Living beneath your means – for fun and profit

Living beneath your means – for fun and profit

By Barbara Weinstein and Eitan Fenson, Transition Palo Alto

How are you making ends meet during these tough economic times?

Local Transitioners shared their ideas at the March 9 Transition Palo Alto 100 Mile Potluck. Cecile Andrews kicked off the discussion by asking folks to consider what they’re doing in three different areas:

  1. Transportation, travel,  food, and leisure
  2. Housing, furniture, clothing, cleaning, maintenance
  3. Kids, education, health and work

We then split into smaller groups to discuss each area in term, mixing up the groups each time before returning to the full group to share ideas that came up in the small group discussions.

So many creative ideas! Here are some of them. Continue reading

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Coming hot issue – anaerobic composting plant

A proposal that is sure to be hotly debated in Palo Alto is the anaerobic composting facility near the Baylands.

On the plus side, the plant would handle organic waste such as yard waste, sewage sludge and food scraps, turning them into compost suitable as a soil amendment. Electricity would also be generated. Proponents point to cost savings in waste disposal, as well as a reduction in greenhouse gas emissions since waste would not have to be transported elsewhere.

Opponents object to the use of 8 acres of what was to have been parkland.

Visualization of the proposed anaerobic composting facility

Visualization of the proposed anaerobic composting facility

This proposal involves issues dear to the heart of the Transition Movement: recycling, green house gas emissions, energy self-reliance and composting. 

One positive role for Transition would be to encourage informed and respectful debate. Other communities are watching us, so we have an opportunity to set a good example

Explaining the technical aspects of the process is also important. For example, how many people know what anaerobic composting is? What are the impacts on greenhouse gas emissions of the proposal? Why might energy self-reliance be important in the coming years?

More information

UPDATE (Sept 27, 2010). Post Carbon Institute just posted a chapter on Waste from their Post Carbon Reader. The complete PDF and a short video are available online:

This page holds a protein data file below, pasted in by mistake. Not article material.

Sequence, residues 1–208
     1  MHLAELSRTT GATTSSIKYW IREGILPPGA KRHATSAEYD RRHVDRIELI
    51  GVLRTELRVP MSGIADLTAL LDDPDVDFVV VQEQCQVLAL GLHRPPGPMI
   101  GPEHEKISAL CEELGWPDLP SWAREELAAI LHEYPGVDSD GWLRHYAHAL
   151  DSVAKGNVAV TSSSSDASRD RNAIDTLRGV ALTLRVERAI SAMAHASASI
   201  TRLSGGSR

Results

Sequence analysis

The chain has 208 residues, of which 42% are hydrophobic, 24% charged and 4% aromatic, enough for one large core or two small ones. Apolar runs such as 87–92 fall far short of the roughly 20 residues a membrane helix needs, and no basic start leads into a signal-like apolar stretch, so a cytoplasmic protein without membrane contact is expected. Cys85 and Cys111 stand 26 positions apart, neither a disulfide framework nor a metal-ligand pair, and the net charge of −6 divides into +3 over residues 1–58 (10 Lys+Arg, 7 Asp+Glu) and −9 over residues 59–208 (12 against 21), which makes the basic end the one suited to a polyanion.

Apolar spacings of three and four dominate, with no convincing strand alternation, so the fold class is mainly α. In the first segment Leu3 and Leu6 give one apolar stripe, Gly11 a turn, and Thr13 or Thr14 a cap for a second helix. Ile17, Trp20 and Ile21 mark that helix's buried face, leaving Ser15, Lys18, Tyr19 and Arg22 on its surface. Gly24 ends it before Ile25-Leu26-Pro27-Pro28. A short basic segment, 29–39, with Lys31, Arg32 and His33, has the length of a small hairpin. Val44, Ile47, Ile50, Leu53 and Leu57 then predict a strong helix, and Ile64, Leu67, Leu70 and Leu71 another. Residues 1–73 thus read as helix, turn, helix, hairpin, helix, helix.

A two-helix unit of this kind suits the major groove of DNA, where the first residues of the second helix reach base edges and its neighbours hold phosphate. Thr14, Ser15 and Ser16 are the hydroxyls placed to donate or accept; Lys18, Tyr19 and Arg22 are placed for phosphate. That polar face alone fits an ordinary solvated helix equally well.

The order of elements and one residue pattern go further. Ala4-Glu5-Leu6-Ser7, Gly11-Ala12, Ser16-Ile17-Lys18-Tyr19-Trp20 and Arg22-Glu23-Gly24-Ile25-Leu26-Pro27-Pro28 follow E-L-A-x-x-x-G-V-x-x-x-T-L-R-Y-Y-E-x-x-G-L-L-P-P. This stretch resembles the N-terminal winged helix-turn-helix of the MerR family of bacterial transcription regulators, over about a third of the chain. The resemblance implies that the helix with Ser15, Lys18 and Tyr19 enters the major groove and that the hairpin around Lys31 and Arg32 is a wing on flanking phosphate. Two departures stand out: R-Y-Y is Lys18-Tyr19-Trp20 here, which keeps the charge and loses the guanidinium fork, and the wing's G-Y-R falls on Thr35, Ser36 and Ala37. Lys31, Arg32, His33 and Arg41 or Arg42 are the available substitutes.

Climate Change, Peak Oil, and the End of Waste
by Bill Sheehan

UPDATE (Oct 5). Volunteers are now gathering signatures to put the proposal on the ballot.

Related news article from the BBC: Oxfordshire town sees human waste used to heat homes

Anaerobic digesters in Palo Alto?

Transition Palo Alto member David Coale writes:

I’d like to invite you to a presentation on the potential for anaerobic digestion to convert Palo Alto’s 60,000 tons/year of organic waste into green energy and high quality compost.

The presentation will be on Wednesday, March 24 at 7pm at World Centric, 2121 Staunton Court in Palo Alto.
World Centric is located behind JJ&F Market on the opposite corner.

Anaerobic digestion has the potential to save the City more than $1 million per year while reducing our greenhouse gas emissions by 20,000 tons of carbon dioxide equivalent per year. It could generate $1.4 million worth of green energy, enough to power 1,400 homes. Retiring our sewage sludge incinerator would save $800,000 worth of energy and $200,000 in waste ash disposal. The compost would be worth $200,000 per year.

The only feasible location for an anaerobic digestion facility is at the entrance to the City landfill next to the Wastewater Treatment Plant, not far from where we currently compost. The challenge is that the landfill is scheduled to become part of the 126-acre Byxbee Park, and rezoning about eight acres (7%) for composting would require a vote of the people.

Come learn more about anaerobic digestion and how you can help make it a reality.

For more information, see the Anaerobic Digestion Factsheet (PDF) that David also sent.